"Luck" helped Lewis Hamilton
to win Sunday's Italian grand prix. That is the view of his Mercedes
teammate Nico Rosberg
, even if the championship leader didn't initially want his arch title nemesis to hear it.
At Monza, with the controversy surrounding their Spa crash still raging and Rosberg having been internally punished, the German made two mistakes whilst leading in Italy that allowed Hamilton to pass and go on to win. Combined with an oddly smiling boss Toto Wolff
in the pits, it triggered the conspiracy theory that Rosberg made the 'mistakes' on purpose to right the wrongs and hand some points back to Hamilton.
Wolff has called the theorists "paranoid" and denied that Rosberg's mysterious penalty involved handing back an ill-gotten win to Hamilton. "It definitely wasn't any kind of punishment that affects the sporting side," the Austrian told Kleine Zeitung newspaper.
Still, not everyone is convinced. Safety car driver Bernd Maylander admitted what Rosberg did on Sunday was "not normal". "They were braking there at 360kph," he told Austrian Servus TV, "so you can easily make a mistake and go into the emergency exit. But two mistakes in the same place? It's not normal," Maylander admitted.
Red Bull's Daniel Ricciardo
, an outside shot to take on the warring Rosberg and Hamilton for the title, agrees. "It is definitely one of the hardest braking zones throughout the season," said the Australian. "We have very little downforce as well so it's really difficult. Then you add the pressure from Lewis Hamilton in the heat of battle, a mistake can happen. One mistake, for sure it's actually pretty normal. The fact that it happened twice, I found interesting," Ricciardo smiled.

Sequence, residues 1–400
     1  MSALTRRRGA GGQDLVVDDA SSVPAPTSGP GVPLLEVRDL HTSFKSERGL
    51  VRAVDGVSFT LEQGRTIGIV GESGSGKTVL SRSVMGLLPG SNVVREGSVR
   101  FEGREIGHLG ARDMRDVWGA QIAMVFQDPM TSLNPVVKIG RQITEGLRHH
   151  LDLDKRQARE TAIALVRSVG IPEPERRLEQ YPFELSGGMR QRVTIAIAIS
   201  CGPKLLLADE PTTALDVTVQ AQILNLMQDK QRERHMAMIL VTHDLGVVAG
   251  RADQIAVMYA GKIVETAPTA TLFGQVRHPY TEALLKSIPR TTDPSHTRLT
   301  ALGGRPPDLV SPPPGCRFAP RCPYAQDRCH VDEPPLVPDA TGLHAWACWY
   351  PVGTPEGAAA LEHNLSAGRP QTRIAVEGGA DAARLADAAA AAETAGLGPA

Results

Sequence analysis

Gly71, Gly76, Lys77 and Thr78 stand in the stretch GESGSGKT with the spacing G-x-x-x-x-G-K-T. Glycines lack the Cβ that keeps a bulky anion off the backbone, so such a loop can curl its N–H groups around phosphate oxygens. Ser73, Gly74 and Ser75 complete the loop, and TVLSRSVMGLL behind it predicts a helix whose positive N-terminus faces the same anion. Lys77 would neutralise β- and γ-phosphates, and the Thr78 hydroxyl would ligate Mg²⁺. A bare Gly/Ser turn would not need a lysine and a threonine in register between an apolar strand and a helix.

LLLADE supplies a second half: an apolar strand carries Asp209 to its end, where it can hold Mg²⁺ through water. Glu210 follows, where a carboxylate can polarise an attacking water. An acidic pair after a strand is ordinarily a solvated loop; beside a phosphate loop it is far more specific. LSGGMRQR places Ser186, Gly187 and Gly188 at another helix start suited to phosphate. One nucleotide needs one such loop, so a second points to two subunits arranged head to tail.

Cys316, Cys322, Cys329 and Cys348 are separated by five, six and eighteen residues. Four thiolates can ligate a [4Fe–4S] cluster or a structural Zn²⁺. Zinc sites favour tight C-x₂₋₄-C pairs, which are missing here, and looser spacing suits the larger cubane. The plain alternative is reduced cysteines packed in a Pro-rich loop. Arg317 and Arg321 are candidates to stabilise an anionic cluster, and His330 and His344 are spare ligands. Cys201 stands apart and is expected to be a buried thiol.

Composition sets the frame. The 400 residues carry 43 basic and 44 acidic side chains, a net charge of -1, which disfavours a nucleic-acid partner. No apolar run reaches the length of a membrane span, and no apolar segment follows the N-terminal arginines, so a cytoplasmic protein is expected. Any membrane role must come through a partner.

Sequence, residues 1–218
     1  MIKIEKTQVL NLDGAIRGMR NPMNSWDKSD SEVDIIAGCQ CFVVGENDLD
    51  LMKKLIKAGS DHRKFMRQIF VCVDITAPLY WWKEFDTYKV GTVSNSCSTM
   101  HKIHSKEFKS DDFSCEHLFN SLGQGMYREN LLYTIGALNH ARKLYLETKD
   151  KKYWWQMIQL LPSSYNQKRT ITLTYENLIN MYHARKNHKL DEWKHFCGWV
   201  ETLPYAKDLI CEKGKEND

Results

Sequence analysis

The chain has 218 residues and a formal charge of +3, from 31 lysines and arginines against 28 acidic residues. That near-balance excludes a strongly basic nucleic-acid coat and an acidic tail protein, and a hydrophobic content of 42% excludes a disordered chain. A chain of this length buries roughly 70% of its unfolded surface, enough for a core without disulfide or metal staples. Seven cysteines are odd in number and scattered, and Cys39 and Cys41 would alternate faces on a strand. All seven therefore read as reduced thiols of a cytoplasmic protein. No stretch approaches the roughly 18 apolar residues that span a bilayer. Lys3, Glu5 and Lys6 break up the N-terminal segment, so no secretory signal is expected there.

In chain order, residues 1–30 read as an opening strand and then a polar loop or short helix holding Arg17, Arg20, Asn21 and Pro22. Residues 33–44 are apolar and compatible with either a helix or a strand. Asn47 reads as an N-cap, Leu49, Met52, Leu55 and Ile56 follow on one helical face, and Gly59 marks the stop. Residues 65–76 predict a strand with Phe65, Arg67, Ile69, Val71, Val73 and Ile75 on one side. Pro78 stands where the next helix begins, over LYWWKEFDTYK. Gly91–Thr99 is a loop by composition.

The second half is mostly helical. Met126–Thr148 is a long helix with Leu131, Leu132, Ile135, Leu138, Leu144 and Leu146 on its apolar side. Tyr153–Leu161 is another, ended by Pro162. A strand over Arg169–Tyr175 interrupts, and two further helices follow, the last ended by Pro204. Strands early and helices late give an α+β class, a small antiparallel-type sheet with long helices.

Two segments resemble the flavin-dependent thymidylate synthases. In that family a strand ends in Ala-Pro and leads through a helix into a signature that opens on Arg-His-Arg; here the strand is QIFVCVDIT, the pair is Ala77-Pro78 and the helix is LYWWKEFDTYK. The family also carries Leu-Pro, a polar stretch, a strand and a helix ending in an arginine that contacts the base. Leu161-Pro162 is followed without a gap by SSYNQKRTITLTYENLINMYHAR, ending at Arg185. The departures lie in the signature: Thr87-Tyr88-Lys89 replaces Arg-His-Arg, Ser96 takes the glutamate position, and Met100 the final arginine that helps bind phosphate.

Arguably, the Mercedes duo's off-track battle is even more interesting than their wheel-to-wheel encounters. On Friday, during a tense pre-weekend press conference at Monza involving Hamilton, Rosberg admitted that the psychological war "Of course in sport plays a part".
Hamilton has been obviously playing that game recently, but Rosberg's combative skills have been arguably more covertly deployed in 2014. After the Monza 'mistake' and Hamilton's win, Rosberg switched into Italian to discuss the pivotal moment of the race with Mercedes' electronics chief Evan Short -- who is Canadian.
Commentators speculated that Rosberg chose to speak in Italian not only to Short but also Brazilian Felipe Massa
in order to exclude the exclusively English-speaking Hamilton. Germany's Bild newspaper has revealed that Rosberg, whose conversation was clearly audible on television, said to Short: "He (Hamilton) was so damn lucky -- how is that even possible?" (GMM)